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From Anthony Molinaro <antho...@alumni.caltech.edu>
Subject Re: admin web UI
Date Tue, 04 May 2010 18:19:40 GMT
One thing to note about the solution that we created with mondemand,  it
requires no changes to cassandra, and it works on any long running java
process with jmx.  We basically have a few pieces

1. a command line JMX client which does 2 things
   a. dumps a config file with all available jmx stats
   b. when given that config file, attaches via jmx and every so often
      dumps those statistics to either stdout, or via mondemand to the
      network
2. a listener which captures mondemand packets, and writes rrd files
3. a web ui (which is basically drraw configured slightly differently),
   which allows you to create graphs, composite graphs, templates and
   dashboards.

Since the mondemand C library also contains a tool for sending statistics
we also can forward other information to this same box and graph it.

The mondemand java library is also embeddable, which is how we use it
for our other java based systems.  However as I said it's not necessary
to embed to work if you don't mind another java process running to monitor
your first process.

We are currently working to get the mondemand-from-jmx library and command
line tool up with the rest of the mondemand framework on sourceforge.

-Anthony

On Tue, May 04, 2010 at 09:05:05PM +0300, Ran Tavory wrote:
> IMO there's a good case for both external monitoring tools and per-host
> minimalistic interface but I see Eric's point that every piece of code will
> require its maintenance. A cluster monitoring tool is definitely required.
> An embedded one has two nice properties:
> 1. It works out of the box
> 2. If I want to know NOW what's going on on the host, I don't have to poll
> like crazy (or wait 5 minutes for the next sample), I can just open the
> browser and see.
> 
> I'll see if I can get something simple running and ping back, but I can't
> commit on a timeline.
> Is adding jetty acceptable? Any other preferences?
> 
> 
> On Tue, May 4, 2010 at 8:49 PM, Anthony Molinaro <
> anthonym@alumni.caltech.edu> wrote:
> 
> > And just to show you what the dashboards look like here's a couple
> > of screen shots
> >
> > Jconsole like page of jvm stats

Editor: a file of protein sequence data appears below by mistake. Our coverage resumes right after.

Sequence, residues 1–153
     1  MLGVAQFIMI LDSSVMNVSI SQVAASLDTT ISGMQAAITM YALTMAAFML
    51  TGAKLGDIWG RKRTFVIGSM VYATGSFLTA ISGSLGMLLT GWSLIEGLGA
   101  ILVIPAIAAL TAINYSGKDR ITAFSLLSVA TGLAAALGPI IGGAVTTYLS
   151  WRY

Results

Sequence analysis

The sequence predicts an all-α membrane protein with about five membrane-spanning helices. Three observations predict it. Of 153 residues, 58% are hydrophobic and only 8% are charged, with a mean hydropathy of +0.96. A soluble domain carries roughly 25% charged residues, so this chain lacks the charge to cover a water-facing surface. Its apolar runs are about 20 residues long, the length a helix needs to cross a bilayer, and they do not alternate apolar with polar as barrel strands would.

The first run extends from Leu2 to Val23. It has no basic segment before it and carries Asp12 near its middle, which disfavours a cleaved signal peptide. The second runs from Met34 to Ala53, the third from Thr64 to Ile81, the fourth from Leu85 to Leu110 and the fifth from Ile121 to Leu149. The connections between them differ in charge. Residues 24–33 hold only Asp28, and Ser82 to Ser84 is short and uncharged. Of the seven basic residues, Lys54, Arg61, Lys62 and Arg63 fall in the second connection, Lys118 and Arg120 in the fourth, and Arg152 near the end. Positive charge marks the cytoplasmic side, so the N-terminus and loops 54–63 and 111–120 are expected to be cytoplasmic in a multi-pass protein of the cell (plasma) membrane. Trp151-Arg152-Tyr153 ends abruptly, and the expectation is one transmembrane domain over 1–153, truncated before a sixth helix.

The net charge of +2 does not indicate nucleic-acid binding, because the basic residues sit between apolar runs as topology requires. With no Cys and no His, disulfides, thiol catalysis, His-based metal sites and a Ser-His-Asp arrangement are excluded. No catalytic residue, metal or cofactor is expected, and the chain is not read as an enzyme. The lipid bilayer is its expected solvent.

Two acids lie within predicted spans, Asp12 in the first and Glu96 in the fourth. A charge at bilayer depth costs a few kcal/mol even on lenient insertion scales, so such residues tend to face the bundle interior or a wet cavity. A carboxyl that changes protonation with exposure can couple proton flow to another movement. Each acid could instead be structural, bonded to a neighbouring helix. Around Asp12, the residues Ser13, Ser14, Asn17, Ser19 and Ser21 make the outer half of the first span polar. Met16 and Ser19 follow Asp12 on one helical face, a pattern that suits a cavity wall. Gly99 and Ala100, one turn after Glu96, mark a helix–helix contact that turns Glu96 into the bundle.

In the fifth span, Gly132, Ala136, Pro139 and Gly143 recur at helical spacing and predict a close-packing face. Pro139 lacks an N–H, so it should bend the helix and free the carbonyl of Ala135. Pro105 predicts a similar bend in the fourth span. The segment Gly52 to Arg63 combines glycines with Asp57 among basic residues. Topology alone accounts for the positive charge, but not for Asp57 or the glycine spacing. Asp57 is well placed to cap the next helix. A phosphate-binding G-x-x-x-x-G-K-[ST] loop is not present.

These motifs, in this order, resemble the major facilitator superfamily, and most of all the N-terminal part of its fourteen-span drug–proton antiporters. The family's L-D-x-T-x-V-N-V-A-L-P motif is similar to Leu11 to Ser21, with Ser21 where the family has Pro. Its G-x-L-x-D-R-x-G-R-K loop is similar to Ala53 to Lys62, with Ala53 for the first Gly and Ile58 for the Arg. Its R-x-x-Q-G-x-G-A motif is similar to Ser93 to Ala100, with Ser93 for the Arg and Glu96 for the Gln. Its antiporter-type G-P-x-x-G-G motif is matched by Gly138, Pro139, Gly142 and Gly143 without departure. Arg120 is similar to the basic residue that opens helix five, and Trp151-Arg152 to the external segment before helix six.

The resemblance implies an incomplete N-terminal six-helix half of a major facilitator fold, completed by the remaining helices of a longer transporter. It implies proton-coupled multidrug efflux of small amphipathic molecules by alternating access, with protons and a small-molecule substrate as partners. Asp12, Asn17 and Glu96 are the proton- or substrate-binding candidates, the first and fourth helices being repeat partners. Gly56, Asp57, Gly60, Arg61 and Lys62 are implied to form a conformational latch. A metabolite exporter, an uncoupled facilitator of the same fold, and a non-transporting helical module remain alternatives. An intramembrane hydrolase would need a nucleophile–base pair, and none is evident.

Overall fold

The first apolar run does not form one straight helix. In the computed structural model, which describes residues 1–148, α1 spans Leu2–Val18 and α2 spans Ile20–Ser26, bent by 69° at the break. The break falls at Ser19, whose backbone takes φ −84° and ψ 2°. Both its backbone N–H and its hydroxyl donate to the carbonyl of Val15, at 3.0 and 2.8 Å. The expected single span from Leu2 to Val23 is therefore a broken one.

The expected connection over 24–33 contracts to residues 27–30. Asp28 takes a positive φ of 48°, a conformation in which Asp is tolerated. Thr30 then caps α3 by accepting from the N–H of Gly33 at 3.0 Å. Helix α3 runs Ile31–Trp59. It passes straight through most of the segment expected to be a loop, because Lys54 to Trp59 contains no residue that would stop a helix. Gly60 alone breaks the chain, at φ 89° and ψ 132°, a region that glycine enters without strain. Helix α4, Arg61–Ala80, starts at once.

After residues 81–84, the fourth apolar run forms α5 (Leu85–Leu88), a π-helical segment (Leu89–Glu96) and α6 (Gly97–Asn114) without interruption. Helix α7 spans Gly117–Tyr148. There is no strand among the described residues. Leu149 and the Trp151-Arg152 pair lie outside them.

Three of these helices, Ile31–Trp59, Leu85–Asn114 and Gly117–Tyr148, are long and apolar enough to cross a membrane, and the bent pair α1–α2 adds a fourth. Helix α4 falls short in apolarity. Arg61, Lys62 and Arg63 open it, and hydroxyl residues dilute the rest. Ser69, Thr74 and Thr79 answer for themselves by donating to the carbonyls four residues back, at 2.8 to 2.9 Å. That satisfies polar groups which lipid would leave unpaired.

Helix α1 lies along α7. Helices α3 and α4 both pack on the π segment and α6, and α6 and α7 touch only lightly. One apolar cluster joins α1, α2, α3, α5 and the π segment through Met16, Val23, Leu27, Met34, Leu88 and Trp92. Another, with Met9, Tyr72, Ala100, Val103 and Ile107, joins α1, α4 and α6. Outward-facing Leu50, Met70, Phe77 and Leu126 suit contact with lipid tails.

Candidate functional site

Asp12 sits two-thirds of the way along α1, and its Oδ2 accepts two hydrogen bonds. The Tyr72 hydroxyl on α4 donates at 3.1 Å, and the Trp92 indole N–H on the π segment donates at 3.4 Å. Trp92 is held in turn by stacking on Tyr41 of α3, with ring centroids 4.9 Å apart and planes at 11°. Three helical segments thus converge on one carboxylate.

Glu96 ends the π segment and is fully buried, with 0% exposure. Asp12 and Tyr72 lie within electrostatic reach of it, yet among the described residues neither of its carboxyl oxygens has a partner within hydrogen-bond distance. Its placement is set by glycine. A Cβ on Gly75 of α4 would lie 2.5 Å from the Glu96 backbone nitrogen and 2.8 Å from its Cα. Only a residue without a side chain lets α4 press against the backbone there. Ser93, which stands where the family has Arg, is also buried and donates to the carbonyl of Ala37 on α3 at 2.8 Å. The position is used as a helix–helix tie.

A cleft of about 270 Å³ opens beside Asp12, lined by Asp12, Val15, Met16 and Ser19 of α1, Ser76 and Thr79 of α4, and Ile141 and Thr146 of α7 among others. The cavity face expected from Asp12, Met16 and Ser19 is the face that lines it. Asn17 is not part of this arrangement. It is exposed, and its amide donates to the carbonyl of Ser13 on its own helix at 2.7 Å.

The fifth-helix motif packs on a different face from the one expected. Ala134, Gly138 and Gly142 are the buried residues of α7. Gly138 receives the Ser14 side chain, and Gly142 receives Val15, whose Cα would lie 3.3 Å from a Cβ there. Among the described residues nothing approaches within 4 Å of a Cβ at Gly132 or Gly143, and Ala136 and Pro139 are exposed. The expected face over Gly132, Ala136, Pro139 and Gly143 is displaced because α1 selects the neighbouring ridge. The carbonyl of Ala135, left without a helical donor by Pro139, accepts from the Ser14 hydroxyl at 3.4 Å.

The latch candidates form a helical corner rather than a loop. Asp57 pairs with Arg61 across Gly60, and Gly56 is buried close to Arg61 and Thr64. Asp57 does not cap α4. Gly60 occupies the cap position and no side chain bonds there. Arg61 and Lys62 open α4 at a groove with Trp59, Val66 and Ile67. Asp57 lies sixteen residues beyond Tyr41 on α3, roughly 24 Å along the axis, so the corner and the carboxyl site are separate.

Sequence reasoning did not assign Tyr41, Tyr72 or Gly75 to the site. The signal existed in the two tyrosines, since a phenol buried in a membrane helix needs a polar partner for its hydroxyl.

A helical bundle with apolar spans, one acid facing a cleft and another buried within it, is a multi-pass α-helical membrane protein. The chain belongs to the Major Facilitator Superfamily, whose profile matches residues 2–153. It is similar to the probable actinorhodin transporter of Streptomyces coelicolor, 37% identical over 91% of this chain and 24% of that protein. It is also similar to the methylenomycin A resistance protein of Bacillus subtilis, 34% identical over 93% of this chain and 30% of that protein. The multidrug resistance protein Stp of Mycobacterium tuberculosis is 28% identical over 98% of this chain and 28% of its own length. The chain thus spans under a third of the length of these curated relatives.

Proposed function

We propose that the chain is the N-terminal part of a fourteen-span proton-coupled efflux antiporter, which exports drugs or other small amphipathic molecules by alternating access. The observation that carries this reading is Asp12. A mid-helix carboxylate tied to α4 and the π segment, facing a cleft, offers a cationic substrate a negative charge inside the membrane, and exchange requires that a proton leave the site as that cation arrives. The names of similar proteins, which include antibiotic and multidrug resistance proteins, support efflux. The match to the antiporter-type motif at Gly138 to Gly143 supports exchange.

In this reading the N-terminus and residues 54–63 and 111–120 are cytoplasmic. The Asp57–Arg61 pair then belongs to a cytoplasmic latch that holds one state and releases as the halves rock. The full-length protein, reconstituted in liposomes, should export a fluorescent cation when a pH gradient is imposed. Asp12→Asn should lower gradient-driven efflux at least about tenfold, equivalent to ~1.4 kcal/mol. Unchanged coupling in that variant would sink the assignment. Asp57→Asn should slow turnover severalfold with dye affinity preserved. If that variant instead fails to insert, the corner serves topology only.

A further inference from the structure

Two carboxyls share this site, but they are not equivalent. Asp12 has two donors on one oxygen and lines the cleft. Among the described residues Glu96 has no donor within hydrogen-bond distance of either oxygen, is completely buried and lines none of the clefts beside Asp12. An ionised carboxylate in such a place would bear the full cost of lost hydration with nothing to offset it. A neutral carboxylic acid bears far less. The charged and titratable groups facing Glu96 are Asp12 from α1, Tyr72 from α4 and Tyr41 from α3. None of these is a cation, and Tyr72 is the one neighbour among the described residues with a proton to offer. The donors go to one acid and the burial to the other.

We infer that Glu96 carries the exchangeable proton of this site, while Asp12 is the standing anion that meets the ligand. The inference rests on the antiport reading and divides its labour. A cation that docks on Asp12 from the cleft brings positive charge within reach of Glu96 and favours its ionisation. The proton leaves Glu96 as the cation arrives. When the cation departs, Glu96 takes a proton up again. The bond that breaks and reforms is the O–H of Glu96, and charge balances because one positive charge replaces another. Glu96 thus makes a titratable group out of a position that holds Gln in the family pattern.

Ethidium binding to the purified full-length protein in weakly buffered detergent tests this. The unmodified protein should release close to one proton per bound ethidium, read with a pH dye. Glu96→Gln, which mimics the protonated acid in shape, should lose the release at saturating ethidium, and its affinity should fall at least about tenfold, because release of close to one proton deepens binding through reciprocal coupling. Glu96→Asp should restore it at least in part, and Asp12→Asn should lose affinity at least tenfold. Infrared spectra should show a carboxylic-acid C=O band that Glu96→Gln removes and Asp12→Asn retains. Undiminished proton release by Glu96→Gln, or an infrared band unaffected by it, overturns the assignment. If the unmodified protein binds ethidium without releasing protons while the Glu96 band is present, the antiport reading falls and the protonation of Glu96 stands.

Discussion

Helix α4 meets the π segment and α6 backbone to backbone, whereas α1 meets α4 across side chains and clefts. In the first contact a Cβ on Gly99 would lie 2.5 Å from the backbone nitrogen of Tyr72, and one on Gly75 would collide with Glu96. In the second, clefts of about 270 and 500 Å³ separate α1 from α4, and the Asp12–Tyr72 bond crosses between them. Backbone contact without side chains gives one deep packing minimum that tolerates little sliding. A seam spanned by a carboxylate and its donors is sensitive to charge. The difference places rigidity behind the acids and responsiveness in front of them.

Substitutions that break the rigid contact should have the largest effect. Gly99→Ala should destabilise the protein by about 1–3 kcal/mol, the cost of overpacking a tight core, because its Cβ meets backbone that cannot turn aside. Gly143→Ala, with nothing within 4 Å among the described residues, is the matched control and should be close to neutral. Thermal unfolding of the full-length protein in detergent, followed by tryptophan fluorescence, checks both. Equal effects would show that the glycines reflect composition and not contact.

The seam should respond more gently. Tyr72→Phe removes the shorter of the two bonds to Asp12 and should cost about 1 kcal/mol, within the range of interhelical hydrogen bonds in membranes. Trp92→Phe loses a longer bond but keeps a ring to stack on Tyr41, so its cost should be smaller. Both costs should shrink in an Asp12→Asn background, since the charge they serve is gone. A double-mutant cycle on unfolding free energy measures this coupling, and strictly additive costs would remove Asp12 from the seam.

> > http://herbie.ddv.com/~anthonym/mondemand-2.png
> >
> > Cassandra specific memtable stats
> > http://herbie.ddv.com/~anthonym/mondemand-1.png
> >
> > -Anthony
> >
> > On Tue, May 04, 2010 at 10:03:52AM -0700, Michael Lum wrote:
> > > On 5/4/2010 7:21 AM, Eric Evans wrote:
> > > >On Tue, 2010-05-04 at 08:41 +0300, Ran Tavory wrote:
> > > >>How about the following compromise:
> > > >>Add a simple web server to each node with only one simple servlet that
> > > >>simply spits out all JMX stats on one page. Not fancy, no graphs,
> > > >>simply the same values you can get from jconsole, but on a web page.
> > > >>To me it seems like a fair tradeoff b/w maintenance and easier out
of
> > > >>the box management.  Shooting up jconsole for each server is
> > > >>cumbersome, at least in the environment I work in (firewalls, high
> > > >>latency etc) so a web interface can be nice.
> > > >
> > > >It still seems superfluous to me, but I'd be open to something
> > > >fire-and-forget (i.e. wouldn't need updating each time something new was
> > > >added).
> > >
> > > This is how we monitor our Cassandra clusters.  Each Cassandra node runs
> > > a process that polls the JMX stats and then fires off events to a set of
> > > configured management nodes using either UDP or multicast, depending on
> > > the network.  New Cassandra nodes in the same cluster and datacenter
> > > have the same config (and are configured centrally anyways), and the
> > > management nodes automatically add new nodes based on the events they
> > > receive, so all the graphs, dashboards, monitors, and downstream tools
> > > pick all of this up without needing a change.  This way we don't need to
> > > fire up jconsole for hundreds of nodes and can do other interesting
> > > cluster-wide aggregations.  Also, we don't have to remember to setup
> > > monitoring when the cluster grows.
> > >
> > > All the tools used are open source, and I'd be happy to share more
> > > detail if there is interest.
> >
> > --
> > ------------------------------------------------------------------------
> > Anthony Molinaro                           <anthonym@alumni.caltech.edu>
> >

-- 
------------------------------------------------------------------------
Anthony Molinaro                           <anthonym@alumni.caltech.edu>

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